LPC suggests ways to tackle one-sided flexibility

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The Low Pay Commission (LPC) is normally asked by the Government to focus on recommending minimum wage rates, but this year it was also asked to consider issuing recommendations to tackle one-sided flexibility.

Now available at https://bit.ly/2PIIpul, these note that Matthew Taylor’s Review of Modern Working Practices identified the problem of one-sided flexibility at work, particularly for low-paid workers.

One-sided flexibility can include: unreasonable requirements around workers’ availability; unpredictability making it difficult for workers to manage finances and an overarching fear of losing future work if they raise a concern or turn hours down.

Although the LPC found evidence of one-sided flexibility, however, it also saw positive examples of flexibility and believe it is important to preserve this genuine two-way model.

It had been asked to consider a higher minimum wage for non-guaranteed hours but Commissioners decided that this did not address one-sided flexibility effectively.

Employers told the Commission that the higher rate would inevitably raise the cost of flexibility, potentially negatively affecting working hours amongst a group who, the evidence suggests, are more likely to already be under-employed.

LPC recommendations

Instead, the LPC has suggested:

  • a right to switch to a contract which reflects a worker’s normal hours

  • a right to reasonable notice of work schedule so that individuals can plan their lives

  • compensation for shift cancellation or curtailment without reasonable notice

  • the provision of a written statement of terms from employers to detail the rights set out above.

LPC Chairman Bryan Sanderson said: “We are pleased to see that the Government will consider our recommendation for a right to switch to a contract that reflects normal working hours as it develops legislation on the ‘right to request a more stable contract’, and that it will consult on our other proposals.”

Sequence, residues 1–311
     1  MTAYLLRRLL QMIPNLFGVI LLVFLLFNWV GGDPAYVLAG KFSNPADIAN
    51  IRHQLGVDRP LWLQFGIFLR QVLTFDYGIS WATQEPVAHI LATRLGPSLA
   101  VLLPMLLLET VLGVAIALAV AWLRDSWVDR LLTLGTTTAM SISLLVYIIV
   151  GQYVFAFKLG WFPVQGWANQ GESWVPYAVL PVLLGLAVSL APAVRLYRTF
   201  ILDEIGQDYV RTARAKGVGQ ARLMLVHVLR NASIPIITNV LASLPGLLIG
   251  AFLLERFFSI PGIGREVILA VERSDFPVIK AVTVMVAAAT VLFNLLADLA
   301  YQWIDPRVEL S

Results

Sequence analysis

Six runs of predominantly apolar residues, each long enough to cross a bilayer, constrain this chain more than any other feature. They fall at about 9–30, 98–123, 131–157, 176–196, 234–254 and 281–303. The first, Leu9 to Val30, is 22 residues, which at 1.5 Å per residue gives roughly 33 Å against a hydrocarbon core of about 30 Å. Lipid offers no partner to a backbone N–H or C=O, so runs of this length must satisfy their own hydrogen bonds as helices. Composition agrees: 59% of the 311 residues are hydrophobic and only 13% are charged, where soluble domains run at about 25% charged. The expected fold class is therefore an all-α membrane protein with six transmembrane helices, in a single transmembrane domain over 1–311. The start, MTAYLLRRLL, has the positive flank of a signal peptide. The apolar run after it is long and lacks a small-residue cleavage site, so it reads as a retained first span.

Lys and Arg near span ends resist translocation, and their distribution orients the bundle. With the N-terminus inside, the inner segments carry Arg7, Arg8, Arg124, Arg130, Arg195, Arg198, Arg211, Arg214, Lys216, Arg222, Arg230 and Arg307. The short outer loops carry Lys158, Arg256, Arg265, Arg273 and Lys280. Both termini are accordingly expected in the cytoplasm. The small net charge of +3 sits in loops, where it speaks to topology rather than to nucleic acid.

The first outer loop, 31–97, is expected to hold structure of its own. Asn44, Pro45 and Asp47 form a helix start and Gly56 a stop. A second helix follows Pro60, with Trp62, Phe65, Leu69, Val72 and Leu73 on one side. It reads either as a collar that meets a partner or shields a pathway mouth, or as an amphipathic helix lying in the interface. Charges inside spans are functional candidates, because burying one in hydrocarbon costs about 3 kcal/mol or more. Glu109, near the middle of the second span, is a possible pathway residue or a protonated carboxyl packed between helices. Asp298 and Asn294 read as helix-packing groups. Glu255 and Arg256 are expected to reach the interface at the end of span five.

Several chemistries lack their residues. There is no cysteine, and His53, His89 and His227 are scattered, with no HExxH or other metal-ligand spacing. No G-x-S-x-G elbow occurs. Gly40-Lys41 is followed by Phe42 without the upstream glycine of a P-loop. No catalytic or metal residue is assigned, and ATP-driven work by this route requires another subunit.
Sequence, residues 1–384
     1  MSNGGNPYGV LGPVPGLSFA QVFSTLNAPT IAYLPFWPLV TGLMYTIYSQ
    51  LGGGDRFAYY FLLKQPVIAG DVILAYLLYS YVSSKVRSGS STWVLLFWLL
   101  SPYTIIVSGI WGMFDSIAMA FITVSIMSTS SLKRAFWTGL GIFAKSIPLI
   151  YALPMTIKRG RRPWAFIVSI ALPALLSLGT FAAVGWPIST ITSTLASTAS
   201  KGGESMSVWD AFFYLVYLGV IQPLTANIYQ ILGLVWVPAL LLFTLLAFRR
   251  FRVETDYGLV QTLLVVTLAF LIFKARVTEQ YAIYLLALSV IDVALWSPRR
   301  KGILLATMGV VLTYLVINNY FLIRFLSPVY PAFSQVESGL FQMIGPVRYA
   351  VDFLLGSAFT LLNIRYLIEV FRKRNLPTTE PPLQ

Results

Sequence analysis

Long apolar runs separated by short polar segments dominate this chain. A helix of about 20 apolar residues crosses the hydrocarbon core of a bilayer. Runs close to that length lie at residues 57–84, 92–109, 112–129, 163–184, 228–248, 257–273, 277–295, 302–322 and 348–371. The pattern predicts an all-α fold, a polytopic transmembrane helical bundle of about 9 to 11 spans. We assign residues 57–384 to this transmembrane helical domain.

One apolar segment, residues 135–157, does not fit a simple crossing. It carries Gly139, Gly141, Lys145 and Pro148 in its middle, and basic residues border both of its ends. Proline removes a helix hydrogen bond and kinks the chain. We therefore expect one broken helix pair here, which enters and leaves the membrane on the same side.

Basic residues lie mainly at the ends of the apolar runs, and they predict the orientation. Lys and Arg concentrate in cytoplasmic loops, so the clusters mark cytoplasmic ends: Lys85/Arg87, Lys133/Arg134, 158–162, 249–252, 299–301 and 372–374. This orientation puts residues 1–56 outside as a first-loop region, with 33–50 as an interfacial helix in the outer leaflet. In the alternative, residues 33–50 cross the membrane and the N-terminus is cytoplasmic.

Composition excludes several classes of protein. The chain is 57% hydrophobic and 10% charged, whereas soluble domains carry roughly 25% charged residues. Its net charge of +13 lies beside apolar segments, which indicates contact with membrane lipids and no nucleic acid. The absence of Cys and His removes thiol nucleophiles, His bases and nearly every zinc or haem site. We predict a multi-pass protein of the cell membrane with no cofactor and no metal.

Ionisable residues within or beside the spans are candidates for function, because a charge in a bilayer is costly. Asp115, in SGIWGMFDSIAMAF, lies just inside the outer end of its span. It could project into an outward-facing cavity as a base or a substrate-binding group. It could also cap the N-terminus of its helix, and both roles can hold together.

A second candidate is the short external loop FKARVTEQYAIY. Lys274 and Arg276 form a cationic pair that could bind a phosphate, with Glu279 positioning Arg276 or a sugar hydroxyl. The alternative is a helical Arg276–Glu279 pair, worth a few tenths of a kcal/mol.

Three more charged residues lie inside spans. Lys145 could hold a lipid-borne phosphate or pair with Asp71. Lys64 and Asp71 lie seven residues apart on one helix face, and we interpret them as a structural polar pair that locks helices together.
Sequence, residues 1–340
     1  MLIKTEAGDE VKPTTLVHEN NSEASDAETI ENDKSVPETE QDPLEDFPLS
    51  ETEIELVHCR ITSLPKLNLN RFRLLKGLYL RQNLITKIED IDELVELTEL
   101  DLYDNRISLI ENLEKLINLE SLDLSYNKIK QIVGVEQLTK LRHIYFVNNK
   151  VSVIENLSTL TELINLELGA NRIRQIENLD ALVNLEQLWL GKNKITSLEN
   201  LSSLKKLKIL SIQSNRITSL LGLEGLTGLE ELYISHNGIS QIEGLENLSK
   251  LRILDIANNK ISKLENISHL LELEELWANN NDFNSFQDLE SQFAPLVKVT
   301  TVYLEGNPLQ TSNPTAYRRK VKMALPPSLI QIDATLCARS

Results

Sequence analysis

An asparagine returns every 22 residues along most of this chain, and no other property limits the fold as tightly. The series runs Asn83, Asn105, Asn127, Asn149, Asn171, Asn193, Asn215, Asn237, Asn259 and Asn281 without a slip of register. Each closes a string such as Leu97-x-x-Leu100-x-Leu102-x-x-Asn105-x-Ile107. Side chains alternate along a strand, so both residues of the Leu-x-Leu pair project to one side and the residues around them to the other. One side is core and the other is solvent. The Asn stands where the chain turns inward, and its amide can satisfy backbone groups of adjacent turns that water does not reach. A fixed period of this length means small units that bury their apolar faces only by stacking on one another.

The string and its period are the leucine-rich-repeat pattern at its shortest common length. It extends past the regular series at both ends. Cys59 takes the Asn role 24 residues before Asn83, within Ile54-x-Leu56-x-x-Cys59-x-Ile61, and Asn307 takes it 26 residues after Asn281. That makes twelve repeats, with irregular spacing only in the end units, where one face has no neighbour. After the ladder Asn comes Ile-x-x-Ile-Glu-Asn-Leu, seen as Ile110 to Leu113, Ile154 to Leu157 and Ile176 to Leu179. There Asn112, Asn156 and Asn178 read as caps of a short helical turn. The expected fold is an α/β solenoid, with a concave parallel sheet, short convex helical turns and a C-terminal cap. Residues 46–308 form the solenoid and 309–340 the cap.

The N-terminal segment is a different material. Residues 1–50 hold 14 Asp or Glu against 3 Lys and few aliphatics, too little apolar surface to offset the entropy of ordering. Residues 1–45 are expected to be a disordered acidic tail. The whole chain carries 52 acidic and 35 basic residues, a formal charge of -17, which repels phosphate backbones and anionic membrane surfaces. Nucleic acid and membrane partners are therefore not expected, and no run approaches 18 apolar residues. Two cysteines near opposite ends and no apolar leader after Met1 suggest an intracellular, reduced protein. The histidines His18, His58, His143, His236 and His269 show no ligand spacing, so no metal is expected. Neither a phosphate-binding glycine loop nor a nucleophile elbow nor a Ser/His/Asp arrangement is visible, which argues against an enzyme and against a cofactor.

Comment from Peninsula Employment Law Director Alan Price

While offering zero hour contracts can prove to be beneficial for both employees and their employers, providing flexibility for both parties and allowing companies to save money by only using people when business needs requires it, poor management of this arrangement can lead to serious issues with worker engagement and retention.

Workers can place great importance on job security and their general rights and entitlements, with failure to facilitate and provide these potentially causing a significant breakdown in the overall employment relationship.

Employers should also bear in mind that these recommendations come as part as the Government’s overall response to the 2017 Matthew Taylor review on working practices, which, among other things, will entitle all workers to a written statement of terms outlining all of their rights from day one of employment by April 2020.

Last reviewed 9 January 2019

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